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Discussion Starter #1
Hello Beesource bee people,

I'm new to bee keeping this year, so my questions are not dumb, I'm just ignorant and don't want to live an learn every single thing! LOL...

I got a little bit-o-honey that I just took off my first hive.

My reading and realization is that I can never have enough drawn comb.

My experience thus far has been that in an weaker nuc hive, like the one I started with, they only would draw comb quickly in the brood box, namely, between existing frames full of brood.

So, knowing that I would need drawn frames for good honey production once they were strong enough, what I did was put a single med Frame in my DEEP brood box, between full deep frames.

While feeding 1:1, the little girls drew out nearly full wax in 1.5 days! WOW!

Now, I if I let them go over 2 days, I got some eggs in the cells, but not tons and I puilled them.

The tricker part was I stopped feeding them, and then the wax draw fell in a linear fashion, I had to learn that the hard way.

So, my loss was maybe a dozen eggs or so (and I often had Queeny on the new frame) to try to get some drawn comb ready for honey. I only did this 4 times, with a single med each time as I did not want to disturb them to much.

My question is what method do you all use to get lots of drawn comb?

Are you just patient and let them start to draw and fill honey supers and then just keep the drawn comb or do you use other methods?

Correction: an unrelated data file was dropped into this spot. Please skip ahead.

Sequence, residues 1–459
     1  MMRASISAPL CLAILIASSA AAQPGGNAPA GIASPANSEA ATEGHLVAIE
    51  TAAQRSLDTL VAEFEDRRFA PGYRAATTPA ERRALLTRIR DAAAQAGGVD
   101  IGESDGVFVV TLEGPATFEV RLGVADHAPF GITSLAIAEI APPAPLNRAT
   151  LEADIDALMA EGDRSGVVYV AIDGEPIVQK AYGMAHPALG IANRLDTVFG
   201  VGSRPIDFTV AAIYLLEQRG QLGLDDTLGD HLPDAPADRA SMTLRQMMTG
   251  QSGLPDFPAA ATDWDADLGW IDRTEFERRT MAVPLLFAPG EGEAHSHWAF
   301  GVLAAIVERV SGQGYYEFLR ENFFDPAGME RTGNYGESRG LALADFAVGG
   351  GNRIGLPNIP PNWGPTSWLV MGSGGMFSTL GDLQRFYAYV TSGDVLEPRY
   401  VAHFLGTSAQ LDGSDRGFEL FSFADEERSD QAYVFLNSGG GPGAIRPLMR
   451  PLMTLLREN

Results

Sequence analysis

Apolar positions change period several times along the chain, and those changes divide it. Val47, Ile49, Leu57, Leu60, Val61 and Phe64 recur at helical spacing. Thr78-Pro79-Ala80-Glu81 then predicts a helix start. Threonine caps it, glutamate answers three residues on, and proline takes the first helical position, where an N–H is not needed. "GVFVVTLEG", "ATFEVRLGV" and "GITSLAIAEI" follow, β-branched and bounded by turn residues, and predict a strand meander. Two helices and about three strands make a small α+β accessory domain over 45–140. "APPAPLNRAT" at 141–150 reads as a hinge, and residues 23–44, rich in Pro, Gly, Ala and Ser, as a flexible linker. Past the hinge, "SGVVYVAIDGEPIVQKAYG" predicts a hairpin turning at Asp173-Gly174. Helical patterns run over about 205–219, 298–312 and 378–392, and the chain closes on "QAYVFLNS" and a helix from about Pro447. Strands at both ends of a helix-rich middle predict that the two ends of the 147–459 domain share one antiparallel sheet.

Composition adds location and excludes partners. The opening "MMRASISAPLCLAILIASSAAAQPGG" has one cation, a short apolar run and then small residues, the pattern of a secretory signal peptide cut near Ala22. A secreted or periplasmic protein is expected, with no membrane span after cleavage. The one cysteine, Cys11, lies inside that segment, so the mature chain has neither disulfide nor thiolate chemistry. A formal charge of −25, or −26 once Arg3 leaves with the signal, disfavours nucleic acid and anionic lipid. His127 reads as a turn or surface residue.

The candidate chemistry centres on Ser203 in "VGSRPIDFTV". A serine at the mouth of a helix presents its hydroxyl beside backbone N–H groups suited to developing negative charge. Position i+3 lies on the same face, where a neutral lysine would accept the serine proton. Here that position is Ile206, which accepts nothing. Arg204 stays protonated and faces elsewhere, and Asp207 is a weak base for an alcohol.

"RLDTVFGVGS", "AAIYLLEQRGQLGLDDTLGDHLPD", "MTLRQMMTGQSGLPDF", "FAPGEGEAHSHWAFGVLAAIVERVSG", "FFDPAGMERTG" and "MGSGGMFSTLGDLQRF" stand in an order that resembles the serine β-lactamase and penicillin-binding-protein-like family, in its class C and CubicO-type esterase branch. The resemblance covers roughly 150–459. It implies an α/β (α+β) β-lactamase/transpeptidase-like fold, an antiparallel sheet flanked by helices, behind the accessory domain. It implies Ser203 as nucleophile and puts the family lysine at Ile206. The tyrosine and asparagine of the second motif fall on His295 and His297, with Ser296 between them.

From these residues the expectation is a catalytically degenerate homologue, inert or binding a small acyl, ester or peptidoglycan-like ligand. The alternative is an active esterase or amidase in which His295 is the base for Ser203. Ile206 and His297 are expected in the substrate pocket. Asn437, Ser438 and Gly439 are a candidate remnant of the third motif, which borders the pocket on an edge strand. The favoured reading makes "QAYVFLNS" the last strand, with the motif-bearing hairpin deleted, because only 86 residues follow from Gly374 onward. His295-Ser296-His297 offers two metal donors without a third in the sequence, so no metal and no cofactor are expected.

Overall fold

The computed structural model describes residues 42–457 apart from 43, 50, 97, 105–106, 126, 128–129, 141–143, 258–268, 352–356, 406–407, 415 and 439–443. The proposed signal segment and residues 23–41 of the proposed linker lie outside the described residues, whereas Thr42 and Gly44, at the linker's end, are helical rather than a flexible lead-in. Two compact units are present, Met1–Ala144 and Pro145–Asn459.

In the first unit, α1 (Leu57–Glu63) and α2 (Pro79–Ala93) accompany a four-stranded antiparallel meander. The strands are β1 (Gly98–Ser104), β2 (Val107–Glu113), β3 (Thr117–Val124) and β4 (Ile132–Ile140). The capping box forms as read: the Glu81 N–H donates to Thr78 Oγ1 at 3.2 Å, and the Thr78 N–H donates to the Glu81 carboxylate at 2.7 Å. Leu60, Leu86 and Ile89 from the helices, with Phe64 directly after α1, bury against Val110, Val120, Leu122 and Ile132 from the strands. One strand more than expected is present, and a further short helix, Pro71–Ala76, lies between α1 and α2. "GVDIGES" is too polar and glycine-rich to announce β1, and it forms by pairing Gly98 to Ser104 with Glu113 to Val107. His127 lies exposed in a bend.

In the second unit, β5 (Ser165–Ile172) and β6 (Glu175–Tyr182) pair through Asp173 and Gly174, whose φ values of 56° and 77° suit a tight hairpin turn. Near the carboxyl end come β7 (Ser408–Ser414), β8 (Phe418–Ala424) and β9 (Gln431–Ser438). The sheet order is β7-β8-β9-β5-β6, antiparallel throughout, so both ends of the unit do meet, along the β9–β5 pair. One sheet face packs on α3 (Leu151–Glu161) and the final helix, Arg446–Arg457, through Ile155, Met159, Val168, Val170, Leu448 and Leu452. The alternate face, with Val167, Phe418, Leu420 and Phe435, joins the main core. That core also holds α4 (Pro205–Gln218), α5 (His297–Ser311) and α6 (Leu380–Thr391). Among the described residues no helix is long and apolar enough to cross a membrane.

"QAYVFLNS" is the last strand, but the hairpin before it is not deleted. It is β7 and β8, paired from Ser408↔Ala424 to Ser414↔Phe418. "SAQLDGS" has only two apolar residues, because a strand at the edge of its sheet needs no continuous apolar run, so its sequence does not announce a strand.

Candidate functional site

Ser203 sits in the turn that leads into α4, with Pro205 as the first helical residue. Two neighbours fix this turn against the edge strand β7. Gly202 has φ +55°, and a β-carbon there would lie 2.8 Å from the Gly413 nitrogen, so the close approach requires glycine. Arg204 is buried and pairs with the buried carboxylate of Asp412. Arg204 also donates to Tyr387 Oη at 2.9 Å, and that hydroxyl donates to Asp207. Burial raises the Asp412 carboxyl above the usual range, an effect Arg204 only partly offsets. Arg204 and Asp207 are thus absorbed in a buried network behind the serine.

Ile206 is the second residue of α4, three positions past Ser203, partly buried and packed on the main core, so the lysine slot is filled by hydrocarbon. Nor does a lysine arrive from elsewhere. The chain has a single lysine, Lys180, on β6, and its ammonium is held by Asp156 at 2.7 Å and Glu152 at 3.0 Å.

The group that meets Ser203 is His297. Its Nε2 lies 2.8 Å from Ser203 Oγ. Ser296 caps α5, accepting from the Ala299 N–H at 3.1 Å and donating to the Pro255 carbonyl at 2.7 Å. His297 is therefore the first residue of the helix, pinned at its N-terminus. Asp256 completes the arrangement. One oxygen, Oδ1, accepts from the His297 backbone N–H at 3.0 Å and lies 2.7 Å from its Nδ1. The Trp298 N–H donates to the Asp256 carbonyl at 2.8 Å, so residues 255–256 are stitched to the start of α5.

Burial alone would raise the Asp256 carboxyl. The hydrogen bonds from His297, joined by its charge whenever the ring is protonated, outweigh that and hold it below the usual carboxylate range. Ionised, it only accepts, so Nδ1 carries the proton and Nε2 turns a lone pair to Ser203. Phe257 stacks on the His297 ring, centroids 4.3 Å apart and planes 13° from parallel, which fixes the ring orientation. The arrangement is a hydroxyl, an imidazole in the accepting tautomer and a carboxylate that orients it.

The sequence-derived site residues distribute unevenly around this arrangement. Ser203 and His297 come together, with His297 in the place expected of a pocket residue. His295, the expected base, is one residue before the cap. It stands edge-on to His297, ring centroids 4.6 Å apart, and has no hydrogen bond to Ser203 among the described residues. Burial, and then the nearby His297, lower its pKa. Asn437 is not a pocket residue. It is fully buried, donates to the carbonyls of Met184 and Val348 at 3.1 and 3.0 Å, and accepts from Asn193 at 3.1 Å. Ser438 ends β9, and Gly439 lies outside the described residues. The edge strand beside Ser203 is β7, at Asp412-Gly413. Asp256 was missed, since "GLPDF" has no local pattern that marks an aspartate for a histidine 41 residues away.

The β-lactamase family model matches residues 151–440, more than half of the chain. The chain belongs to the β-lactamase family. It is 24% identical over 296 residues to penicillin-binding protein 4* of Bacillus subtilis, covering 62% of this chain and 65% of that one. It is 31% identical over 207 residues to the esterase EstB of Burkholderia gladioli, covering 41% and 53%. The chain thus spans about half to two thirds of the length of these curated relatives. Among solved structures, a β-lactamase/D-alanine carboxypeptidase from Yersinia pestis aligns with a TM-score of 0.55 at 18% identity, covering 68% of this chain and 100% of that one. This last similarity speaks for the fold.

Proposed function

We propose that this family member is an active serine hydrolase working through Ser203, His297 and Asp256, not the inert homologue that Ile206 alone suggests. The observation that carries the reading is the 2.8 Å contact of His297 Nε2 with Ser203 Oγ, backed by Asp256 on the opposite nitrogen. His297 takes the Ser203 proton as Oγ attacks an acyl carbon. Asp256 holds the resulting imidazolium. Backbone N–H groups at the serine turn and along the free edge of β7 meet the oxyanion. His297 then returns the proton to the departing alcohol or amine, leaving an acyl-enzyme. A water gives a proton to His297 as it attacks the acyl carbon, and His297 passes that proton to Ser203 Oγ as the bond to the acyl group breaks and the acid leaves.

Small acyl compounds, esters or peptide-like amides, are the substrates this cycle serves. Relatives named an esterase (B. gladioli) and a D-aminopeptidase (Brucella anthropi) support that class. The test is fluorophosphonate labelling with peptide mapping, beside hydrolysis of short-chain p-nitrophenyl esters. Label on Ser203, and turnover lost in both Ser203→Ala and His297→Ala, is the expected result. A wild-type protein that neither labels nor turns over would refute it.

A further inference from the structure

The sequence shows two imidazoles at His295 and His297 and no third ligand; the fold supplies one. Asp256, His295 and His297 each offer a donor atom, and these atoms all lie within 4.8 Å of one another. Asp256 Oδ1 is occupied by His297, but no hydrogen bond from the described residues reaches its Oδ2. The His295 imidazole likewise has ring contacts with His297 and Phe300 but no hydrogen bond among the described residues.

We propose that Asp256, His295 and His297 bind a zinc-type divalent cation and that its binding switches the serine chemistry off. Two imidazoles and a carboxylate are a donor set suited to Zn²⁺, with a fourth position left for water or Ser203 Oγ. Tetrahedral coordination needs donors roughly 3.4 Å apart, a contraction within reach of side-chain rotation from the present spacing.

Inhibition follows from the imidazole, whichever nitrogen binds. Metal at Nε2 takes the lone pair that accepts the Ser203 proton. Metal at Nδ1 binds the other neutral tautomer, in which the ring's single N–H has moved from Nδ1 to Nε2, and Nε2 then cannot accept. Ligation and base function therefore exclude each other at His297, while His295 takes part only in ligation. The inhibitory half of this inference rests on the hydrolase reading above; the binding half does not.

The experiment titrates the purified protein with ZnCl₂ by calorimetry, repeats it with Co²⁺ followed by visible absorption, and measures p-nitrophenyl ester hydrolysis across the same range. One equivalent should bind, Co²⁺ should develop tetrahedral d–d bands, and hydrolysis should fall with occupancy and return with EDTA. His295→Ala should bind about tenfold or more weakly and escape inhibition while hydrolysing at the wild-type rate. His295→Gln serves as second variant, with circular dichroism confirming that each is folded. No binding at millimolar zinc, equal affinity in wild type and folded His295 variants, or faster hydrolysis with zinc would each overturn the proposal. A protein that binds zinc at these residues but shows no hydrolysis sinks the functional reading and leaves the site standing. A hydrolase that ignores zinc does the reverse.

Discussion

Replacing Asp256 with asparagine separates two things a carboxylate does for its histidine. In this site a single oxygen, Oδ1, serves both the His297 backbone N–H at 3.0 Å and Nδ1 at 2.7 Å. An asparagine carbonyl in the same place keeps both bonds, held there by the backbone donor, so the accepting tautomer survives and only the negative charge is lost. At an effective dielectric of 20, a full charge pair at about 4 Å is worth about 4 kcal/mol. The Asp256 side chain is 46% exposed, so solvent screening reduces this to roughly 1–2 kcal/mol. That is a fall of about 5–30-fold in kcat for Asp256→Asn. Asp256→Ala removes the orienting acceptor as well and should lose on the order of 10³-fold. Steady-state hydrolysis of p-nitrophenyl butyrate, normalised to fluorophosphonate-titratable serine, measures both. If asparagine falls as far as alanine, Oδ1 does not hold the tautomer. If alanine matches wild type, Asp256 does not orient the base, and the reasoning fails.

Is there a LATERAL QUEEN EXCLUDER I could use to keep her on one side of the hive while I have them work the quick wax between brood fromes on the other?

My goal is to have several HS's full of drawn comb by next spring so they can "fill er up" with less work!

Also, is there truth to the 9 frames in 10 frame HS will get same or more honey than 10?

Do I need frame spacers to do this right?

Thanks,

MP
 

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You just need patience. You need to keep your young hive as strong as possible this first year to give them a good chance to make it to next spring. You will find that a strong second year hive on a flow will draw wax very quickly. With much less work on your part, with your smaller hive with no honey flow.

A strong hive can draw and fill a medium box of foundation in 1-2 weeks. You will be fighting to get a few frames made this year. Let you bees be bees and get their home in order for winter.
 

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Discussion Starter #4
A 1-2 week draw is fast, what brood box setup are u referring to? Single deep, double deep, double medium?

Thanks,
 

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In may SARE project hives I have several packages installed in Maine on April 15 that have now drawn two deeps plus are now working on their third medium super (a couple more are working on their second super).

I fed the bees 1-1 sugar syrup constantly from installation while building out the brood frames,adding the second box when the bees had built 8 of 10 frames and continuing to feed. When the bees had built 8 of 10 in the second box I stopped feeding and added the first medium super.

building colonies are all about numbers and disease-free.
If the bees are strong and you feed them consistently when they need it, they'll build up just fine.

Best,
-E.
 

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A 1-2 week draw is fast, what brood box setup are u referring to? Single deep, double deep, double medium?

Thanks,
Two deeps or three mediums full of bees with a good flow can do it. You will find all of the frames being drawn at the same time.

A big swarm can do even better. I posted on here somewhere a couple of weeks ago about a big swarm that drew 19 deep frames of plastic/duragilt frames (I gave them one frame of brood) in less than two weeks.

You can get frames drawn with feeding but I have never found them to draw comb near as fast as when they are on a flow. I never have fed bees that much though so I could be wrong about that. I normally only feed in late September/October and February/March when they are not normally in a comb building mood.
 
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